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Books Etcetera

by Edmund Campion

God's Willing Workers: Women and Religion in Australia, by Anne O'Brien

Why is it that the men make all the speeches? Why is it that only men chair the meetings and preside at celebrations? Why are leadership roles for men only? And that their writings are regarded as the really important ones, not ours? Why are we the ones expected to cook and clean and look after the kids and do the donkey work in any of our organizations? Why?

No, these are not questions I imagine as coming from church women. Rather, they are complaints of women in the Communist Party years ago; and they come to mind because I have just read John McLaren's Free Radicals: Of the Left in Postwar Melbourne (Australian Scholarly Publishing, $ 39.95). McLaren's book is a triune biography of his mentors and friends, Ken Gott, financial journalist, Ian Turner, inspirational guru, and Stephen Murray-Smith, scholarly pundit and editor. Each started out in the Communist Party, left it over Hungary, and did not, as expected by some, fall by the wayside after that but went on to contribute to the Left presence in Australian intellectual life. But where were the women in all this, what did they contribute to their men's lives and public achievements? Nita Murray-Smith and Beth Gott seem to have been strong presences in their husbands' careers, while Turner expected his women to be willing helpmeets and lived off that expectation. Free Radicals is silent about how the women felt about these arrangements. If you want to hear their voice, or at least one voice, take a look at Amirah Inglis (she was Amirah Turner, l948-l962) as she has her say in her l995 autobiography The Hammer and the Sickle and the Washing Up. The title is an apt descriptor of the book: you would not expect it to be written by a man, would you?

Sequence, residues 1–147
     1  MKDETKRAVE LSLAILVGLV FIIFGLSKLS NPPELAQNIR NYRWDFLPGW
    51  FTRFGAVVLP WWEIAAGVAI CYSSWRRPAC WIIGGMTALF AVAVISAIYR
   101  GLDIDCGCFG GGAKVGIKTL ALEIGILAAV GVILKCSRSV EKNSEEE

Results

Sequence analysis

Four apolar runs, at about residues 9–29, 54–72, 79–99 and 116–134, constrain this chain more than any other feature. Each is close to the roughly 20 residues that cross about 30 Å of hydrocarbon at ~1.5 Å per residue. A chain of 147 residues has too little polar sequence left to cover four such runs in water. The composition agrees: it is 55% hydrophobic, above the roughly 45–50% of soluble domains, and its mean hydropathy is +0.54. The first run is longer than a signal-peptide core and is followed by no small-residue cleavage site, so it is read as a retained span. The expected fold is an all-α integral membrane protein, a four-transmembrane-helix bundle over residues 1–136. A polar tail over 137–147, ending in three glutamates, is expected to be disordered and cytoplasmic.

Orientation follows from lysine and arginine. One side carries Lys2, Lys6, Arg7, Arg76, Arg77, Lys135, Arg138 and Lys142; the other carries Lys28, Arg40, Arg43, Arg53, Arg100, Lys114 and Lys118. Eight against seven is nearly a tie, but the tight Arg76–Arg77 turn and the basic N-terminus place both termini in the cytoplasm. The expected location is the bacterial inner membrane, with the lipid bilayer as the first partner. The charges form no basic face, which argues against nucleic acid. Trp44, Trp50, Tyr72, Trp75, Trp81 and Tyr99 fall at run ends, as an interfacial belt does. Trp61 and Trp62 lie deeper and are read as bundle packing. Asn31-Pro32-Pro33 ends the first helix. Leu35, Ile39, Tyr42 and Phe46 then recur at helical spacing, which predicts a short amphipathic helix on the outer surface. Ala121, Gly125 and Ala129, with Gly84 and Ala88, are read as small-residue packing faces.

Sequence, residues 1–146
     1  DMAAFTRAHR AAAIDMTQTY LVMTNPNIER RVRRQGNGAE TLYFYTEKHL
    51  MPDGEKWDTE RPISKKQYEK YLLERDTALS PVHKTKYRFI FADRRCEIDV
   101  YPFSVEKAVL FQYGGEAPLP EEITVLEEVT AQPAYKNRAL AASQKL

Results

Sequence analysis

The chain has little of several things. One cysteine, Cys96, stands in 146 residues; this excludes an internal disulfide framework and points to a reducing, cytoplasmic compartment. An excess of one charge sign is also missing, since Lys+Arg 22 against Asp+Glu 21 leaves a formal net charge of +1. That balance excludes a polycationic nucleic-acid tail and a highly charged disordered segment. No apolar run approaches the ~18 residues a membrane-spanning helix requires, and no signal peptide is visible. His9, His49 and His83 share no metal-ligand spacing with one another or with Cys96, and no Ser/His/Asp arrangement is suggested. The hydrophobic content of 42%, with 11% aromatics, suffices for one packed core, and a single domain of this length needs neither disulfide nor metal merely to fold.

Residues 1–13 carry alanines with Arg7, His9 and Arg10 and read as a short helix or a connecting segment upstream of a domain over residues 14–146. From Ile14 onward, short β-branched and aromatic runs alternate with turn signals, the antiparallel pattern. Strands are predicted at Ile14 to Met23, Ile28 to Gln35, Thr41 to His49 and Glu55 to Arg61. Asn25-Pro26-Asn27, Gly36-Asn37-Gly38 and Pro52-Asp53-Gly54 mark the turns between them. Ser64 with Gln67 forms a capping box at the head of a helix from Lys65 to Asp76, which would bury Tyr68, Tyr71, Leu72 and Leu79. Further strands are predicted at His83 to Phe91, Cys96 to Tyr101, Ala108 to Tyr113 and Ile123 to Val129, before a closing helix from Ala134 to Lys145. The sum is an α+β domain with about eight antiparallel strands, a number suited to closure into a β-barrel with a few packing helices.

Well, musing thus in a bookshop the other day, I came across a book I'd been expecting, the UNSW historian Anne O'Brien's God's Willing Workers: Women and Religion in Australia (UNSW Press, $ 49.95). Before I say anything more, let me acknowledge, in the light of what I've written above, that Anne O'Brien's book is not a scholarly whinge about how badly church women have been treated by their churches. No. What it is, is a fertile overview of what women, Protestant and Catholic, thought and felt and hoped and grieved and did about their church connections. Anne O'Brien seems to have read everything published on her topic and she puts this vast learning at the disposal of her readers, who will profit from her work - which is why I've used the word fertile. An example of what I mean: she quotes an old article of mine, written nearly 30 years ago, to the effect that because nuns did not write their memoirs or autobiographies they thereby became mythologised and escaped 'the historian's pen'. A lazy researcher might have said, 'Oh well, he'd know', and left it at that; but not Anne O'Brien: she winkled out the fact that in the past couple of decades religious sisters have been encouraged to put down their memories, either on paper or on the tapes of some oral historian - as for instance, in the magazine Women-Church, Erin White's edited tapes from her conversations with Sister Margaret Press RSJ, an invaluable window into a rich religious life. Thus Anne O'Brien has alerted us to the existence of new material offering a sharper picture of religious life as it has been experienced. Future researchers will thank her for opening these pathways.